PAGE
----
MBS applied for and was granted patents covering its mobile technology and Target System test cartridge, and is currently in the pre-prototype stage of development.. SPARKS Mobile, the handheld, mobile technology, will be a next generation version of the VT-1000 reader, and was put into development along with new product segments and market strategies for the reorganization of the Target System technologies and testing platform into MBS.  MBS entered into an exclusive license of 24 FDA 510K cleared tests and the FDA 510K cleared immunoassay reader and an Assignment Agreement for the patented and patent-pending applications covering innovations to the Target System and to the business plan.



16


The following list represents historical distributor that sold. The Target Antigen Detection System Diagnostic Platform, including the TARGET VT-1000 Desktop Analyzer and a number of the Company’s FDA approved tests in a commercial setting:


Customer

Location

1.

Columbia Diagnostics

Springfield, VA

2.

Cardinal Healthcare

McGaw Park, IL

3.

Community Family Planning

New York, NY

4.

East Tech, Inc.

Indianhead, MD

5.

Laboratory Supply Corp.

Louisville, KY

6.

Medical Technology Corporation

Somerset, NJ

7.

Accumed

Brooklyn, NY

8.

Owens & Minor

Greensburg, PA

9.

General Medical Corp

Richmond, VA

10.

Physicians Sales & Services

Jacksonville, FL

11.

Troy Biological, Inc.

Troy, MI

12.

Alimenterics, Inc.

Morris Plains, NJ

13.

E.I. DuPont Agriculture Department

Newark, DE

14.

Difco Laboratories

Detroit, MI

15.

United States Defense Department

Washington D.C.

16.

Veterans Administration

Washington D.C.

17.

Tryco, Inc.

Mclean, VA

18.

Allied Signal

Jacksonville, FL

19.

VWR International

Bridgeport, NJ

20.

Arab Circle Healthcare

Saudi Arabia

21.

Bioclone Australia

Sydney, Australia*

22.

Care Diagnostics

Vienna, Austria

23.

Izasa, S.A.

Barcelona, Spain

24.

LMC LTD.

Ankara, Turkey

25.

Transasia Bio-Medicals

Bombay India



2005

Withrow developed a business relationship with Victor Parker, the son of James Parker,  the inventor of the Target System and the founder and operator of the business that developed and commercialized it.

On October 10, 2005 Withrow joined forces with Jorn Gorlach and formed Montecito Bio Sciences, Ltd. ("MBS") as a Nevada corporation

The MBS Business plan was to develop the Target System assets, re-launch the Target System into the market and generate revenue through the commercialization of the Intellectual Property.

Event Milestones:

Re-evaluated HIV 1 and 2 Test that was ready for clinical trial seeking a 510 clearance.

Developed a relationship with head of South African Medical Association who directed MBS away from a rapid HIV 1 and 2 test and focused on the need for a low-cost rapid immune status test to be given as part of the HIV-AIDS Antiretroviral treatment.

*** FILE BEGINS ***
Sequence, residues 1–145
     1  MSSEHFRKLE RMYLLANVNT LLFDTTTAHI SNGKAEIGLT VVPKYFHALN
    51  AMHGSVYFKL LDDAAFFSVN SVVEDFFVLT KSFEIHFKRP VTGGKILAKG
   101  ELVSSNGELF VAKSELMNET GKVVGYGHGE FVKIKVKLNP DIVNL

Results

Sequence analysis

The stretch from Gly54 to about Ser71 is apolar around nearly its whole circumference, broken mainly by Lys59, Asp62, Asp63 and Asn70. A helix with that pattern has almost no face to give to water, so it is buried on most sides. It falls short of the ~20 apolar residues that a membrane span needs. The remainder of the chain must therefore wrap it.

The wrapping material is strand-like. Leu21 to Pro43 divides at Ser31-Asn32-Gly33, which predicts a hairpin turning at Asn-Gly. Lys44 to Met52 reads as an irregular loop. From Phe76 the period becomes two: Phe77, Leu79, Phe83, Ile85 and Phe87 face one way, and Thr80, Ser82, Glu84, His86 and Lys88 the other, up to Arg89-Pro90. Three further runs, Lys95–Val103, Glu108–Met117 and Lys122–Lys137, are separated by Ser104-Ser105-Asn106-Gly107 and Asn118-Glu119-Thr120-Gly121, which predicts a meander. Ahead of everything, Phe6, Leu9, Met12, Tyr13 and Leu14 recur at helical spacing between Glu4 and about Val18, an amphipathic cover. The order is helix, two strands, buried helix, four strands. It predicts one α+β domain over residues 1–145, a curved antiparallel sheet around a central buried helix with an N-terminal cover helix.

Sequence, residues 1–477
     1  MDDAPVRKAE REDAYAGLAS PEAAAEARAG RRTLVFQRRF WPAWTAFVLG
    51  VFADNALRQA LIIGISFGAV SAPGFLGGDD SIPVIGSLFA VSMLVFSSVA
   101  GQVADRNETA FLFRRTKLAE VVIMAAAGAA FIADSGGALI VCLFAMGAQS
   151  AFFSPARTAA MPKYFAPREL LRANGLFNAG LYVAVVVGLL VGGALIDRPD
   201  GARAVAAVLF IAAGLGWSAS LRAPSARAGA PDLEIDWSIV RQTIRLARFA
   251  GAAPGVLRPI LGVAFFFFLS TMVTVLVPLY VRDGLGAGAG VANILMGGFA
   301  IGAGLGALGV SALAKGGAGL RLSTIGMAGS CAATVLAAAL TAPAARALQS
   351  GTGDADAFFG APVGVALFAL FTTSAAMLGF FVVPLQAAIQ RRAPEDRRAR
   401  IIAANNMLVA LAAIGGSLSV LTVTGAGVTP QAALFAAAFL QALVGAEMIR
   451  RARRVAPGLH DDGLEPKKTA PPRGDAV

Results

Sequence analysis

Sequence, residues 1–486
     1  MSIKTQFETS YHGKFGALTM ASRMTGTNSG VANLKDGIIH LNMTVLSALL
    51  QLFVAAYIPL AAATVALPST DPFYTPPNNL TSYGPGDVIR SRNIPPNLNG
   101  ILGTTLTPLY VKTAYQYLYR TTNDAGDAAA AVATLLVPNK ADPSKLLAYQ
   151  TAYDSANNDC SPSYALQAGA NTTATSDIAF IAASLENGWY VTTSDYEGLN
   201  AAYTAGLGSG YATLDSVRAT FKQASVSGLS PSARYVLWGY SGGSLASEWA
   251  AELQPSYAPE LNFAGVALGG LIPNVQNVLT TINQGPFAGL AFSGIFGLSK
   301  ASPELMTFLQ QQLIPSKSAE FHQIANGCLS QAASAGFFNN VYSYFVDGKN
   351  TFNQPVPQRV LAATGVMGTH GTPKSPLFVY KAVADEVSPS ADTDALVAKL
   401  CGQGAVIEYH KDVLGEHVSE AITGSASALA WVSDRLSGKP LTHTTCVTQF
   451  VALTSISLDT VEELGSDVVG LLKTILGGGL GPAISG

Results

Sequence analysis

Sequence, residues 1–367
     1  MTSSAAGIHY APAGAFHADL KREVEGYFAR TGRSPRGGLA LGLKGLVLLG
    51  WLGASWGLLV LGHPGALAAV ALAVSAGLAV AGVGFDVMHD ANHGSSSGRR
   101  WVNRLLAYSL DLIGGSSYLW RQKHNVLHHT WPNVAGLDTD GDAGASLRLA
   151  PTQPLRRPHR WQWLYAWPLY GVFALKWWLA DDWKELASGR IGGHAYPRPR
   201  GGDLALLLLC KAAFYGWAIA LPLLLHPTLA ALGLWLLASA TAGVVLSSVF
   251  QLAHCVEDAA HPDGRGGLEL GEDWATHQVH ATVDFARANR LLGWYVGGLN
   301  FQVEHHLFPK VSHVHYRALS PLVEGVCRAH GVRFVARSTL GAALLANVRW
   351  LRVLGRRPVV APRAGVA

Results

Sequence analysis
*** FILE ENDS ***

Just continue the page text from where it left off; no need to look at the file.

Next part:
US and International patent applications were filed to protect the business and its stakeholders.


2008- 2010

Roth Kline, Inc. was incorporated on December 30, 2008.  The sole Shareholder of Roth Kline, Inc. was Montecito Bio Sciences, Ltd.

Roth Kline was formed to facilitate the development and commercialization of the Target System.

Roth, Kline changed its name to Parallax Diagnostics, Inc.

The development of the Target system, Hand held Analyzer & CD4-8 Test became Parallaxs primary focus.


Product Strategy


In recent years, there has been a continuing shift from the use of laboratory-based analyzers to point-of-care (“POC”) tests that can be performed in a matter of minutes. Unlike the centralized clinical laboratory segment of the diagnostic market, which is mature and highly competitive, the POC market is still in its relatively early stages. According to the recent worldwide research reports, however, such as the 2010 Worldwide IVD Market, by the research firm Kalorama Information, the growth rate of the POC market continues to rise. Although certain simple, single analyte diagnostic tests have been developed, such tests have remained incapable of precise and highly sensitive quantitative measurements. As a result, medical tests that require precise quantization of the target analyte have remained the domain of immunoassay analyzers in the centralized laboratory.



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Point-of-care diagnostic kits typically consist of test strips that the health care provider applies a patient’s sample to and then reads the strip either visually or with an instrument in order to determine a result.  They are simple to use, fast, disposable and reliable within an acceptable range. More sensitive analytes or tests requiring quantitative analysis and definitive antibody screening needed in most situations, must be sent out to a diagnostic lab, and hours or days later results arrive. These tests are comparatively complex, expensive, and time consuming; only centralized diagnostic facilities can manage sample handling and the cost of instruments and reagents.  A point-of-care instrument that has the advantage of a test strip device in terms of ease of use and rapid results along with ELISA-like capabilities for major diseases would circumscribe diagnosis routinely within the course of a patient visit. This could disrupt the current model.  The Company is planning to develop just such a device that it intends to sell to doctors and health care providers.


The commercial success of the current generation of small, simple to use diagnostic devices which provide rapid results in POC applications has been limited by their inability to provide precise, highly sensitive, quantitative measurement.